Very interesting to see the tradition here and how different they are from opera back home. Definitely in place to entertain the crowds that were stuck in place during the LONG intermissions (20-40 minutes; three of them). No champagne for me, I got to watch the “Gong Lady”! She comes out during the intermissions 3 times and bangs a gong. The 1st time she comes out she bangs it once, the 2nd time twice, etc. The third gong means the opera is about to begin again. She makes a big show of it, running the baton outside the gong a few times before she smacks it (once ,or twice, or 3 times, depending). She’s a very popular lady by the time she comes out the 3rd time!) You also know when the act is about to end because you can see two groups of stage hands coming along each side of the stage with screens. When the act is over, they put the screens in front of the stage. From our vantage, we could see the stage hands working to change the set.

The very experience of seeing an opera in such an old historic place is something I will never forget.

Bad Things
Being pestered (and therefore distracted) by Ernst.

Not having much space.
Not being able to go to il bagno (I never had to go, TG, but it bugged me all the same).
Not being able to have anything to drink.
Feeling like a “poor person” (ok, this was really more my state of mind, no fault of the opera!)
The BORING 3rd Act of Carmen seemed even more endless than usual.

Wednesday, August 20, 2008

My, My, My, How UNUSUAL!

One of my new activities is being on the BOD for the DSO. Yeah, I've purposefully left this sorta "vague". Doesn't matter, isn't pertinent to today's post.
Anyway, last night, we had an "addressing and stuffing invitations" party. It was hosted by a very gracious and genteel (if a bit eccentric) grand dame named Lucia. Lucia (and her husband) are extremely influential within the community. Extremely. They now live at a very upscale retirement village in nearby Chapel Hill. This is where the "party" was held; as a side note, I was really impressed with this place. It felt more like the Waldorf Astoria than a retirement community. Note to self; make enough money so that when we "retire", we might ultimately get into this place (if need be).
BTW, Mr. B and I were at a party this past Saturday night and Lucia was there. She said to me "Y'all are coming Tuesday night, right?" to which I replied in the affirmative. She turned to Mr. B and said, "Well, honey, it's only ladies so y'all will have to go play golf or whatever it is you men do". Too funny!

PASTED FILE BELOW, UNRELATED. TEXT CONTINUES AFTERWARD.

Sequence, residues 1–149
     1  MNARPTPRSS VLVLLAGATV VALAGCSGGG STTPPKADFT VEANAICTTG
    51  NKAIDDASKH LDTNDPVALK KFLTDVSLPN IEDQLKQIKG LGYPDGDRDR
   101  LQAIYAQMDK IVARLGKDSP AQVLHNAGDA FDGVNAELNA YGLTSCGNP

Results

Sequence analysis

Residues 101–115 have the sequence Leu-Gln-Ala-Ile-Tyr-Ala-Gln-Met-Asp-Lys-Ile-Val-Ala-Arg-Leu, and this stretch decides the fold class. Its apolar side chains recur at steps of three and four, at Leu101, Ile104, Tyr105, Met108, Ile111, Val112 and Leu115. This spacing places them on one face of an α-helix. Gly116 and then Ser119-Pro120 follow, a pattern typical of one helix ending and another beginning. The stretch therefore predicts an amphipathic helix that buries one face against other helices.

So, there we all were last night doing various secretarial tasks. It was quite fun, actually; and, Lucia had set up a nice table of cheese, crackers, veggies, nuts, fruit and wine, along with some gorgeous flowers.
Because I arrived an hour later than the others (driving up from my "job" in Greensboro), I ended up addressing envelopes (one of the least-favored tasks).
After I finished with that, I stuck on return address labels and stamps. While stamping, I ended up sitting next to Lucia, who was a flurry of activity (and would wear me out if I had to hang around her longer than a few minutes). She was sorting through addressed invitations in order to pull out the ones to people she knew so that she could write a personal note (I have to say she had a huge stack; as I said, this lady knows A LOT of people).
As she's sorting through, she pulls out one in particular, looked at it, and said, "My, my, my, how UNUSUAL!" I looked over at her; she was holding an invitation I'd addressed. She continued, "I've NEVER seen handwriting quite like this before!"
I sort of grimaced to myself but spoke up, "Oh, that's my writing". She looked at me and said again, "How UNUSUAL! Did you grow up in a foreign country because your writing looks like someones who didn't originally speak English".
What could I say to THAT? I merely replied, "Nope, I'm just left-handed!" (Mr. B told me later I should have said, "I grew up in California"; ha ha ha, Mr. B!)
She smiled somewhat bemusedly at me, as if to try and remember who exactly I was. (earlier in the night, she'd referred to me as "Hey, Blue Lady!" (because I had on a blue shirt)).
Anyway, I did get a chuckle out of this because, frankly, my handwriting is a bit hard to decipher.

My handwriting; can YOU read it?

It's been this way ever since I can remember; certainly, it was this way when I was a teenager corresponding with my 90+ year old great grandfather (it was a toss up as to whose writing was harder to read; I think I beat him out, though!)

My friend Kathleen told me she always has to read my handwritten letters/cards to her husband Don because he can't figure out what I'm saying.

And, in my prior life, the folks that worked for me used to compare notes I'd written them and place bets on what certain words were.

Of course, it was all in great fun and, eventually, people ARE able to figure out what I'm writing. I think. Or, maybe they just make up what they think I was saying? These guesses might be even more interesting than what I WAS saying!

But, I'll admit, even I will re-read something I wrote (say, in one of my journals), and say to myself, "What the you-know-what is THAT word?"